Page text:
This was a fun book to read. I suppose that sounds a little strange for a biography of a Medici and one supposedly murdered at that, but it was. Isabella de Medici was a member of the second famous round of Medicis. The first bunch, Cosimo the Elder and Lorenzo the Magnificent, well known in the 15th century as the famous banking family and patron of Michaelangelo, are familiar to almost everyone as leaders of Florence. Lorenzo the Magnificent was said to be a true "Renaissance" man. Isabella's This was a fun book to read. I suppose that sounds a little strange for a biography of a Medici and one supposedly murdered at that, but it was. Isabella de Medici was a member of the second famous round of Medicis. The first bunch, Cosimo the Elder and Lorenzo the Magnificent, well known in the 15th century as the famous banking family and patron of Michaelangelo, are familiar to almost everyone as leaders of Florence. Lorenzo the Magnificent was said to be a true "Renaissance" man. Isabella's line, also from a famous Cosimo, who became the first Duke of Florence, came later, in the 16th century. She was the daughter of Cosimo and Elanora of Toledo and was considered to be a great beauty, fashion leader, writer of music, and horsewoman and Huntress. In short, the perfect Florentine Princess, her father's favorite daughter. He married her to a Roman aristocrat, a spendthrift, a glutton, and a womanizer. Cosimo also kept Isabella in Florence with him instead of sending her to Rome with her husband. By the time her father died, her brother, the new Duke, was wildly jealous of her, her husband felt demeaned by her, and her lover had been driven out of the country. She was alone and vulnerable and shortly she, "died unexpectedly while on a hunting trip with her husband". Does any of this sound familiar? It sure did to me! I felt like I had dropped into some 16th-century reality show. You know the one. The Real Housewives of Florence. What fun!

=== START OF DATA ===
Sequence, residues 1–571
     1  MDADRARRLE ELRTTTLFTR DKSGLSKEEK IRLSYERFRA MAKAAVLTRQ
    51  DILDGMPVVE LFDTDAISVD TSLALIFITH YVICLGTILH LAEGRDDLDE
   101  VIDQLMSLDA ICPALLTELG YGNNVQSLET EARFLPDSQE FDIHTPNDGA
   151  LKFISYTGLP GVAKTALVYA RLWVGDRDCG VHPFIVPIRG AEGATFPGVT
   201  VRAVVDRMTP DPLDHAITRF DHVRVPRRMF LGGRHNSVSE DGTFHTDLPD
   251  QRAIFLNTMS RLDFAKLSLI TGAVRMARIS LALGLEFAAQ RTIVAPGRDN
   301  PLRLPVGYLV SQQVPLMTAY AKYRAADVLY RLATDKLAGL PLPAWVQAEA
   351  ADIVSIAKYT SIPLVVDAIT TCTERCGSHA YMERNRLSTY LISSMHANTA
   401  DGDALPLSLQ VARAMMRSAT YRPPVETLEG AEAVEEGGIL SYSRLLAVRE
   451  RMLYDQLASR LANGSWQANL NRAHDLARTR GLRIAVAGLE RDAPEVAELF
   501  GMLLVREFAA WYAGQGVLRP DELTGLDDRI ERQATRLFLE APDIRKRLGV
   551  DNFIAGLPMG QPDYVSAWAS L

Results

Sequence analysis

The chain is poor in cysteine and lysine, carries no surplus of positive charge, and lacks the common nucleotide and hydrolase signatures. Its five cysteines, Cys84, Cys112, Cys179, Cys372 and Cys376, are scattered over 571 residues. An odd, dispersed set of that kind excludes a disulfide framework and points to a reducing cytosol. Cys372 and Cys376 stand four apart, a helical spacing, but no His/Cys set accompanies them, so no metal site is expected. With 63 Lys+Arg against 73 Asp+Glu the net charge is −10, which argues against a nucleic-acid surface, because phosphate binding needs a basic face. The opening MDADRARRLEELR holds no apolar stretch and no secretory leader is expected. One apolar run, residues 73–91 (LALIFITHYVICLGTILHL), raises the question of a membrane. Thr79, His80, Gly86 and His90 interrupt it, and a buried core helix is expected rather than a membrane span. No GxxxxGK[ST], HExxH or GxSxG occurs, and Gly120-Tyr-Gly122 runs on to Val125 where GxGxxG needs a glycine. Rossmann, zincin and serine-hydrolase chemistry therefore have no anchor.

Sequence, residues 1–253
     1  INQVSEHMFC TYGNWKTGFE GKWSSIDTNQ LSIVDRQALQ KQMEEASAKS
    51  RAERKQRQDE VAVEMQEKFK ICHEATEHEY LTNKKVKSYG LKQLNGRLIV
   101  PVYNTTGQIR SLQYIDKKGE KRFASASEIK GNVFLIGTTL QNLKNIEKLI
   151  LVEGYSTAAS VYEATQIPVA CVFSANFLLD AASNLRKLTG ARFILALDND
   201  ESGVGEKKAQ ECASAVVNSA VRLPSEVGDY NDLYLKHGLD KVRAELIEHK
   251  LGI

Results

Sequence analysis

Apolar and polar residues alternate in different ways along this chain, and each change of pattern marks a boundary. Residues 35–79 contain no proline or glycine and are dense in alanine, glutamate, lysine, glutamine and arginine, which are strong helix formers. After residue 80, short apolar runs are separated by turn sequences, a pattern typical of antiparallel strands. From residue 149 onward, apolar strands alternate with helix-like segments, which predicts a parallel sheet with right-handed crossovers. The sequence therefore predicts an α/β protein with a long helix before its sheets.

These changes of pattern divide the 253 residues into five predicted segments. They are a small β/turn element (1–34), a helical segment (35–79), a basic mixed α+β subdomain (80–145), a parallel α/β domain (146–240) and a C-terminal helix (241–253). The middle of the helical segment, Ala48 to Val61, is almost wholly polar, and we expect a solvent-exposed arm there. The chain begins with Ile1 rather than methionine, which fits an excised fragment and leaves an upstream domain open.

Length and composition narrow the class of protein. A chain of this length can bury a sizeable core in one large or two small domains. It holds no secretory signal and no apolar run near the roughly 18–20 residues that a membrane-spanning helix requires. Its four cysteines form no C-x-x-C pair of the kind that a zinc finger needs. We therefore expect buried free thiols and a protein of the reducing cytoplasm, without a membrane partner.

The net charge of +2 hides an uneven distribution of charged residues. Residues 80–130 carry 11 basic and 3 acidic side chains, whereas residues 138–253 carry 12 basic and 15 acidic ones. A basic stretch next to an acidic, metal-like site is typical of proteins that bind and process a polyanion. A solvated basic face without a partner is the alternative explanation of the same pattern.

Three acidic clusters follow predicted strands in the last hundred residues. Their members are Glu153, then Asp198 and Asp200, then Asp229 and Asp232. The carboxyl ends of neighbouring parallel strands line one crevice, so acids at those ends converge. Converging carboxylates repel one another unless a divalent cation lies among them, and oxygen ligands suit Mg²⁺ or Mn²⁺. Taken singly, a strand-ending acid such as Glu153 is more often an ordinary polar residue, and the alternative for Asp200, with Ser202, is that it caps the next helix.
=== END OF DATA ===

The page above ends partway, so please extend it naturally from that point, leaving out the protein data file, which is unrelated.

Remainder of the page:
4. 4 out of 5

    Sara Poole

    Part of my fascination with the Renaissance stems from the extraordinary alignment of beauty and corruption that characterizes the period. Just as some of the most magnificent prose in the English language was written in the highly repressive “police state” environment of Elizabethan England, art and culture flowered amid the endemic greed, violence, brutality, and repression of Medici Florence. Murphy’s insightful foray into the life and times of Isabella de Medici goes a long way toward illumi Part of my fascination with the Renaissance stems from the extraordinary alignment of beauty and corruption that characterizes the period. Just as some of the most magnificent prose in the English language was written in the highly repressive “police state” environment of Elizabethan England, art and culture flowered amid the endemic greed, violence, brutality, and repression of Medici Florence. Murphy’s insightful foray into the life and times of Isabella de Medici goes a long way toward illuminating how this came to be. Born at once to privilege and repression in a relentlessly male-dominated society, Isabella was a brilliant woman, fluent in five languages, devoted to the arts, high-spirited and daring. While her father lived, her life was her own as much as any woman of the time could hope. But with his death, her brother and husband conspired to kill her in circumstances that have haunting echoes in today’s “honor killings”. Murphy’s research is impeccable, as is her ability to bring a distant time to life. Isabella emerges as a living, breathing woman who blazed a dazzling path across the Renaissance sky and whose fall to earth casts light into the darkest corners of that complex time.

  5. 4 out of 5

    Louise